gloves; and (4) the police assumed Ms. Simko was guilty from the moment they arrived on the
scene. We will address each argument in turn.
{¶30} Regarding the driveway and door-sensor speakers, the record does reflect that the
trial court confused the door-sensor speaker with the driveway-sensor speaker when it explained
that there was a speaker within a few feet from where Ms. Simko was purportedly sleeping, yet
she did not hear it go off. Defense counsel pointed this out during the sentencing hearing. The
trial court acknowledged the possible mistake, but noted that the relevant fact was that there was 16

a speaker that would emit a tone within a few feet from where Ms. Simko was purportedly sleeping,
regardless of which tone it emitted.
{¶31} Regarding the lack of blowback on the .357 magnum, Ms. Simko has not indicated
what – if anything – the officers should have done to investigate that further, or how any further
investigation in that regard would have affected the outcome of the trial. Additionally, her
argument ignores the testimony of the coroner, who indicated that this type of wound (i.e., a
gunshot wound to the back of the head fired from 1.5-2 inches away) would not necessarily result
in blowback.
{¶32} Regarding the reliability of the DNA testing, the forensic expert testified that
numerous factors impact whether DNA is transferred to an item, as well as whether enough DNA
is present to allow for comparison. During cross-examination, the expert acknowledged that
improper swabbing can occur, but there was no indication that improper swabbing occurred in this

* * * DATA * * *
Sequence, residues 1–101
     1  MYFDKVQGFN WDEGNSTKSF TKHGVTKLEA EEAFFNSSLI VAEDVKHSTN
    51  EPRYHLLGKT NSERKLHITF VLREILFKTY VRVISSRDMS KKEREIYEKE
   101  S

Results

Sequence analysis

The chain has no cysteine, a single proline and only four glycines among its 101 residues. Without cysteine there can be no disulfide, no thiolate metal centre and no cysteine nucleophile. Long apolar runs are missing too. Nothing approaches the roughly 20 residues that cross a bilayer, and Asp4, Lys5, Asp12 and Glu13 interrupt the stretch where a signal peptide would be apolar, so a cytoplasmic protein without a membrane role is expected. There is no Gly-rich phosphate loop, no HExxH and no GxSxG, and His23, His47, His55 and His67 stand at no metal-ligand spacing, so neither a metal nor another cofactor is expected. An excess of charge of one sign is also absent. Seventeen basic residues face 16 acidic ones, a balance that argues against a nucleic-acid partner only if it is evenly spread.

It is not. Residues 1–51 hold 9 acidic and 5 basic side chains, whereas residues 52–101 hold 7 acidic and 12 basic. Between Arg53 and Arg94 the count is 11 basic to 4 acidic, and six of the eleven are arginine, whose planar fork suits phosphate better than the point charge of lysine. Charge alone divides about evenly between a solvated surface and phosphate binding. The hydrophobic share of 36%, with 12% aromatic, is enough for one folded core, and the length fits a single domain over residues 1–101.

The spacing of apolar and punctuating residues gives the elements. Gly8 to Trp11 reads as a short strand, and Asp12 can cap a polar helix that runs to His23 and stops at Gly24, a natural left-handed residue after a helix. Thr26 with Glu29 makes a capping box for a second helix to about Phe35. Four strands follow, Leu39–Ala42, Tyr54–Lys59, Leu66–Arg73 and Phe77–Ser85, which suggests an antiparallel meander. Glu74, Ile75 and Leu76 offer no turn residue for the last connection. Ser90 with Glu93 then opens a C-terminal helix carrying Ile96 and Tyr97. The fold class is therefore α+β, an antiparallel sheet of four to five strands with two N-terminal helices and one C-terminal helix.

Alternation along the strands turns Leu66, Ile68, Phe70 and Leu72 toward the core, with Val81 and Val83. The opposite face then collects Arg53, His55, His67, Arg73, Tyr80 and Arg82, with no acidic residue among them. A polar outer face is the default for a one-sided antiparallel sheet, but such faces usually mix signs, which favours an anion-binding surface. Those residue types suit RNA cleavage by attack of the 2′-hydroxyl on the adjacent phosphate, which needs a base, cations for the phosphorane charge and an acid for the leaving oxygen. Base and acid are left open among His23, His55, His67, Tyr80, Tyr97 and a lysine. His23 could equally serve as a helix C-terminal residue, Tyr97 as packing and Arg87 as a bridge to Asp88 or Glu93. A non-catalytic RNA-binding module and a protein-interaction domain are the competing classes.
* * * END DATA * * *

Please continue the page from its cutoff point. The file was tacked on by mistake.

case.
{¶33} Lastly, regarding Ms. Simko’s argument that the detectives assumed she was guilty
from the moment they arrived, Ms. Simko relies solely on one statement from an officer who
remarked that he thought Ms. Simko probably committed the murder. Even assuming that the
detectives thought she was guilty from the beginning, this Court fails to see how that renders her
convictions against the manifest weight of the evidence.
{¶34} Having reviewed the entire record, this Court cannot say that this is the exceptional
case where the evidence weighs heavily against Ms. Simko’s convictions. Ms. Simko’s fourth
assignment of error is overruled.
ASSIGNMENT OF ERROR V
MS. SIMKO DID NOT RECEIVE EFFECTIVE ASSISTANCE OF COUNSEL
AS GUARANTEED BY THE SIXTH AMENDMENT. 17

{¶35} In her fifth assignment of error, Ms. Simko argues that her trial counsel rendered
ineffective assistance. This Court disagrees.
{¶36} To prevail on a claim of ineffective assistance of counsel, Ms. Simko must establish
that: (1) her counsel’s performance was deficient to the extent that “counsel was not functioning
as the ‘counsel’ guaranteed the defendant by the Sixth Amendment” and (2) “the deficient
performance prejudiced the defense.” Strickland v. Washington, 466 U.S. 668, 687 (1984). A
deficient performance is one that falls below an objective standard of reasonable representation.